Forgiving when you’d rather not forgive

**Cross-Posted : This post originally appeared on my church sister’s blog**


Up until recently? I would have told you, 100% that I don’t have an issue with forgiveness. That’s the easiest concept for me to grasp, even in a biblical sense.

It had always seemed so simple to me. (And yes, I fully admit my naivety is showing through here!) But as long as someone appeared truly repentant over whatever they had done? I was able to forgive and move forward. It was pretty simple. Or so I thought.

I’d always approached my faith that way too. If I went to God, got down on my knees and confessed? Then I knew he would move forward, my sin a thing of the past.

I suppose (until recently) I have been incredibly lucky that those who have hurt me have done so in a “fleshly” way. It’s easy to forgive a little white lie, a moment of stupid judgement, any simple offense. And if it wasn’t so simple? I could forgive, move on and be done with that person. And I always had felt that God was pretty much the same way.

But then, the past year has been full of many instances where I’ve found myself questioning how I forgive. How I move forward without holding onto the anger.

Sure, I know forgiveness doesn’t excuse what someone has done. But there have been a few instances where the person has caused so much harm (and not always to me, but to those I love) where my gut instinct is to hold onto the pain and the anger.

A few weeks ago, after the most recent resurgence of this anger, I had a friend handed me a book (knowing I’m a huge book worm) and I was tempted to shrug it off. I wanted to sit in my anger, dwell in it. (Even though I knew that God wanted me to move beyond it, give it to Him and get over it.)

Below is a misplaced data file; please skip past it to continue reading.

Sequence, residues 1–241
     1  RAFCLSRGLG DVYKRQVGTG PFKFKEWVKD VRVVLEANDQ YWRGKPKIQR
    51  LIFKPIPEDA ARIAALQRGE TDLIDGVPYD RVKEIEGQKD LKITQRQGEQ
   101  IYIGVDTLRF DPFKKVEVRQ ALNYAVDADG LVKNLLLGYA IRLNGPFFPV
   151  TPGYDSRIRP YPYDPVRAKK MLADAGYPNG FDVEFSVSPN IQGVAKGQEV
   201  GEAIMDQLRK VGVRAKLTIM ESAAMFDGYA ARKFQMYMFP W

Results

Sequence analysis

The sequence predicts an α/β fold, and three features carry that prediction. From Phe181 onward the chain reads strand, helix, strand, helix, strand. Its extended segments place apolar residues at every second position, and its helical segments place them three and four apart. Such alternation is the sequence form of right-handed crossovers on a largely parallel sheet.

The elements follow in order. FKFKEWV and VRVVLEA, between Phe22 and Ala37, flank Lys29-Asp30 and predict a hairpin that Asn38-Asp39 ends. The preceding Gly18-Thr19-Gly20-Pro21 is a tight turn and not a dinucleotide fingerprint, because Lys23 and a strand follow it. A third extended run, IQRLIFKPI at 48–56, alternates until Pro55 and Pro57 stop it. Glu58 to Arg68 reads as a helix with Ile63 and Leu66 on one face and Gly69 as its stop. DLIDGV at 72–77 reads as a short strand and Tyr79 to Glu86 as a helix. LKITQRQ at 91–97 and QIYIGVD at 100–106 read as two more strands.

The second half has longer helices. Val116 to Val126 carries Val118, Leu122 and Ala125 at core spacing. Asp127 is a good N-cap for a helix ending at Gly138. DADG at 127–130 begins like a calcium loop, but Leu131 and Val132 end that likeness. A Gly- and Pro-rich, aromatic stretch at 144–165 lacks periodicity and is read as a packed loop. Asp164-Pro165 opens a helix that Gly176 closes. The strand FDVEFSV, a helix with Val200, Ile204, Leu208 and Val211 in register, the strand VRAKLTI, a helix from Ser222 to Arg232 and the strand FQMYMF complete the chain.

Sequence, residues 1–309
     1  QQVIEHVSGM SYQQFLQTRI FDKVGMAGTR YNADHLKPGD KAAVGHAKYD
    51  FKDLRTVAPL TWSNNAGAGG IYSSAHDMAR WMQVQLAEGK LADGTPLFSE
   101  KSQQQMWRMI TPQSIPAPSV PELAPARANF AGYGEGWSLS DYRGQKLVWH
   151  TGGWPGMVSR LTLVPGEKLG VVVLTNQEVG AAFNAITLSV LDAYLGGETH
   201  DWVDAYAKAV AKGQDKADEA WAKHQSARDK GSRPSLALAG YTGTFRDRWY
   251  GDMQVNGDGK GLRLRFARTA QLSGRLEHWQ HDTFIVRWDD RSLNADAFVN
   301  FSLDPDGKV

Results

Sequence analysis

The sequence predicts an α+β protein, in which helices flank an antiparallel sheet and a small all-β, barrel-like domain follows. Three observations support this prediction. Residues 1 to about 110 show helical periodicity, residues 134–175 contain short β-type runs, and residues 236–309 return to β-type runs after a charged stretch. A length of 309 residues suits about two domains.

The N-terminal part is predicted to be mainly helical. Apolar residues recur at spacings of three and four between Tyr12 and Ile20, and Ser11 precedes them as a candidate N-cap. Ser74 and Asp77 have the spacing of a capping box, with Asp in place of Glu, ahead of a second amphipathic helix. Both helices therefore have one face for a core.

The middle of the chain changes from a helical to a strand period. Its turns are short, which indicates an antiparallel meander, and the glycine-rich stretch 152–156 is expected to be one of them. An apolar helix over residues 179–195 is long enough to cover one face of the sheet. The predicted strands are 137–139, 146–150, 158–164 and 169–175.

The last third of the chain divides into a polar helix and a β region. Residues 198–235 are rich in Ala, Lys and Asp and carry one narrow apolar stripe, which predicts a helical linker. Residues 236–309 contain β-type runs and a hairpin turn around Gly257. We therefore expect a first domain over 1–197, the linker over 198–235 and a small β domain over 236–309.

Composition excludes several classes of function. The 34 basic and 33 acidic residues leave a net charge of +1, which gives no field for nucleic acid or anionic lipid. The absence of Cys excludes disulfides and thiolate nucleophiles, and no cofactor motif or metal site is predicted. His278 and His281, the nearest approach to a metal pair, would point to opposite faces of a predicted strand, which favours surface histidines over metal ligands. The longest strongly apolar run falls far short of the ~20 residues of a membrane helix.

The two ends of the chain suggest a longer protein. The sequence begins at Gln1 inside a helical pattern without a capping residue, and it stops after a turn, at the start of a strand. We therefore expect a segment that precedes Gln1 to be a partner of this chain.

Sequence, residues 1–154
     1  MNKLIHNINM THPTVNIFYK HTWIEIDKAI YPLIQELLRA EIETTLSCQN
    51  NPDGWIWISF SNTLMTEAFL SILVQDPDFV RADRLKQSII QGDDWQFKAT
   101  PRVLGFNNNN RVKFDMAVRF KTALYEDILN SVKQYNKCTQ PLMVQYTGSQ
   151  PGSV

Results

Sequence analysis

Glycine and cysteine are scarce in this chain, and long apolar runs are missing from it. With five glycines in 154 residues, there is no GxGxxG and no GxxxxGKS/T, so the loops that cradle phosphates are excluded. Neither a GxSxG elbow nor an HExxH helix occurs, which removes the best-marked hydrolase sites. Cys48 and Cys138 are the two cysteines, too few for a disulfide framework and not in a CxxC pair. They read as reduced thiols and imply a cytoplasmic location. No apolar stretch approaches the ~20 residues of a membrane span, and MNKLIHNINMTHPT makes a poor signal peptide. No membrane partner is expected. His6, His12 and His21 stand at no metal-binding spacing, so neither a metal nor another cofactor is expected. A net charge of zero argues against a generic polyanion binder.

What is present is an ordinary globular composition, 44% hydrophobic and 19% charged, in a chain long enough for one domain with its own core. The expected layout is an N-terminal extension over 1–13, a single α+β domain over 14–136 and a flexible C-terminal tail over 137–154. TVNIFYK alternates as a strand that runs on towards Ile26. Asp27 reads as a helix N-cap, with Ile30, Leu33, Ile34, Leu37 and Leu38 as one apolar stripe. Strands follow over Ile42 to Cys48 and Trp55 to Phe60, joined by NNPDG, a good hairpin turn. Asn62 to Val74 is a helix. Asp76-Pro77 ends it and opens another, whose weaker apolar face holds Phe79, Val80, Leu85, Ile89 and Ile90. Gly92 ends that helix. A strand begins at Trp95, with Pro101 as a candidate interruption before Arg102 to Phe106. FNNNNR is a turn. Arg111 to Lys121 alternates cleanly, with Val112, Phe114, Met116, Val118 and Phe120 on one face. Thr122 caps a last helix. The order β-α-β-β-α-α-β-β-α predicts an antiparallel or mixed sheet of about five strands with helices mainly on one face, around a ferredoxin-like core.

Don’t let the sun go down while you are still angry (Ephesians 4:26)

Let all bitterness, wrath, anger, clamor, and evil speaking be put away from you, with all malice (Ephesians 4:31)

As Christ forgave you, so you also must do (Colossians 3:13)

So I checked my pride at the door and opened up the book (You’ll Get Through This by Max Lucado) and what I found inside those pages were truly life changing. (Although in keeping with the theme, I have to admit I mostly skimmed this book, and only read passages I felt applied to me! Shhh! Don’t tell anyone else!)


Here’s the thing that I really took away from this. No matter how bad it hurts, how angry it makes you? You have to give it to God. Ask him to take it, and to use this circumstance to change you, build you up.

You have to trust that He will take this situation (which likely is the result of the enemy attacking) and he will make it beautiful in a way that you can’t possibly begin to imagine. It may take awhile, and the hurt may last for awhile. But you need to give it to him and forgive the offender.

I know this is easier said than done. I have to admit that as I made this realization? I spent a whole lot of time on my knees in the corner of my bedroom, begging God to help me to move forward from these moments. To forgive the people who offended me (and my loved ones) and to walk forward from the situation knowing that He has control.

Don’t let anger and bitterness control your life. I can assure you, the road to forgiveness is a steep climb, but once you’ve handed it over to the Father? You will experience a peace and joy beyond what you can imagine. (And you may have to continue to ask for his help, but I can assure you he will always help you with that!)

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